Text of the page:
Paddling Skills by Topic

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Examining Paddling Skills Outdoor Adventure Skills badge by by topic.

This perspective shows the common topics of each stage with increasing knowledge, accomplishment, and responsibilities as stages increase. It may help in planning sessions/activities and organizing resources.

Stage Safety Techniques Expedition Skills Education Adventures

1.1 I can jump into chest-deep water with my Personal Flotation Device (PFD) on.
1.3 I can explain what a PFD is for.
1.4 I can put on my PFD and know how it should fit.
1.7 I have demonstrated how to behave safely in my canoe or kayak.
1.8 I can explain why I should care for my PFD.
1.9 I can explain the risks of cold water.
1.10 I know how to contact the emergency services.

1.6 I can demonstrate the correct way to hold my paddle.
1.11 I can get in and out of my watercraft safely.

1.2 I can blow bubbles in the water for 10 seconds.

1.5 I can show where the bow and stern are in a canoe or kayak.

1.12 I have taken part in a short paddling adventure of at least one hour.


2.2 I can explain the difference between a PFD and a life jacket.
2.4 I can explain why I should not drink the water from the lake or river I am paddling on until it has been filtered or treated.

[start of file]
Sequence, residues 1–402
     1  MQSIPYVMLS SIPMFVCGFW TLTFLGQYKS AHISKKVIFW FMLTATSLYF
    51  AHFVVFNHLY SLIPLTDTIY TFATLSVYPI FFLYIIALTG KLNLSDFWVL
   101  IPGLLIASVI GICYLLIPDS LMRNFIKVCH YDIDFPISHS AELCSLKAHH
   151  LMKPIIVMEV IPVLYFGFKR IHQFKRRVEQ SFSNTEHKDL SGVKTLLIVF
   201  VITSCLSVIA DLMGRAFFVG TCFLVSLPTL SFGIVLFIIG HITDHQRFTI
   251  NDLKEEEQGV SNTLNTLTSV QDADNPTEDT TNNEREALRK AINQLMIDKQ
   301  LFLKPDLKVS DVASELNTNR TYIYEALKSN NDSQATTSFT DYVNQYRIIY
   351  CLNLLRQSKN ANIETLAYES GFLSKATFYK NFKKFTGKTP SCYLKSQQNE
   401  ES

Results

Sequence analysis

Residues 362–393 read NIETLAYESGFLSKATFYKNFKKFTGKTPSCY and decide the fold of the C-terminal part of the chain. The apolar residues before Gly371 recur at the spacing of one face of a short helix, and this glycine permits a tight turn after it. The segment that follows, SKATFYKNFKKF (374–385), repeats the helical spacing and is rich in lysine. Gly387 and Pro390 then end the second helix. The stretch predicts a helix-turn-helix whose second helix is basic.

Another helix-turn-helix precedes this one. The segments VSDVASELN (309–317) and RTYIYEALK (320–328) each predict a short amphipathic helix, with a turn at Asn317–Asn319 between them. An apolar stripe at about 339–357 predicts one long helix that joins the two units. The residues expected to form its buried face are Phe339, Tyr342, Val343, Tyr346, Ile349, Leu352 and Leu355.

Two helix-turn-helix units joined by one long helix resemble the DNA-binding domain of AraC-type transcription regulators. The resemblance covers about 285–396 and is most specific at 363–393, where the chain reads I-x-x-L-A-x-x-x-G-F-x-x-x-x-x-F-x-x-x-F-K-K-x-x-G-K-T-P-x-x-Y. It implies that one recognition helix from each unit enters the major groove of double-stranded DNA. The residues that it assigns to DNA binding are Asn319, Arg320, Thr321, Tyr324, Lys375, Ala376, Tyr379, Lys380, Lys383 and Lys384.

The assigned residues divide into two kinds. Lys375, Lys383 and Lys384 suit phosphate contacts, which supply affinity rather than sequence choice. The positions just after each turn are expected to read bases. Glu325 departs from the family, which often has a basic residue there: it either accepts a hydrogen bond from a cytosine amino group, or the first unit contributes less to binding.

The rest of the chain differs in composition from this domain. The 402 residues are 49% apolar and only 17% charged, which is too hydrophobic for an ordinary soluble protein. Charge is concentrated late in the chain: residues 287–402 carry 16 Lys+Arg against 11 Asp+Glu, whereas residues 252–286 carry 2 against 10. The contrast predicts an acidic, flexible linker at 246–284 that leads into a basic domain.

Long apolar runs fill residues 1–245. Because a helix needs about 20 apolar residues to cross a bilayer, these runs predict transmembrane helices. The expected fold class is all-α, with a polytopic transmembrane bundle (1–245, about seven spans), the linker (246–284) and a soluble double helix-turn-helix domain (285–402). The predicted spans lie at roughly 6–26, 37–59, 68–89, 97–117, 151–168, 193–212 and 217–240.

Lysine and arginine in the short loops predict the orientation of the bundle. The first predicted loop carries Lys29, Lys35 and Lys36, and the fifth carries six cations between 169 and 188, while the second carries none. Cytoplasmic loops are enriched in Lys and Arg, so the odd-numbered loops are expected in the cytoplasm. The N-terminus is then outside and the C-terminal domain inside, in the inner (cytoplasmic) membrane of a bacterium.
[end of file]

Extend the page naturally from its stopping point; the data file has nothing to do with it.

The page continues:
2.5 I can identify the equipment Transport Canada requires me to have in my canoe or kayak.
2.6 I can explain the safety rules for being near water.
2.10 I can get help if I see somebody in difficulty on the water.
2.11 I am familiar with common whistle signals and when they would be used.
2.14 I am familiar with the signs and symptoms of mild hypothermia.

2.7 I can list the appropriate action I should take if I capsize in a canoe or kayak.
2.12 I have used a throw bag.
2.13 I can identify the parts of my watercraft and my paddle.

2.1 I can swim 25 metres with my PFD on.
2.3 Before I launch my watercraft, I can show where I am allowed to go canoeing or kayaking.

2.8 I have explained some of the ways that paddling a canoe or kayak can have a negative impact on the environment where I am paddling.

2.15 I have taken part in an at least two paddling activities.


3.7 I know what the risks are for paddling in different weather conditions.
3.8 I can make a recognized distress signal.
3.10 I have helped a Stage 1 paddler learn to put his or her PFD on.

3.2 I know how to choose a paddle that is the correct size.
3.3 With help from my team or my Scouter, I can paddle my canoe or kayak forward a short way.
3.4 I have capsized a canoe while sitting in it.
3.5 I can get back into my canoe or kayak with help from someone in another watercraft if my watercraft capsizes.
3.9 I can throw a throw bag.

3.1 I can swim 100 metres with my PFD on using any stroke.

3.6 I know how and where to get the latest weather forecast for the area where I will be paddling.

3.11 I have taken part in two paddling activities.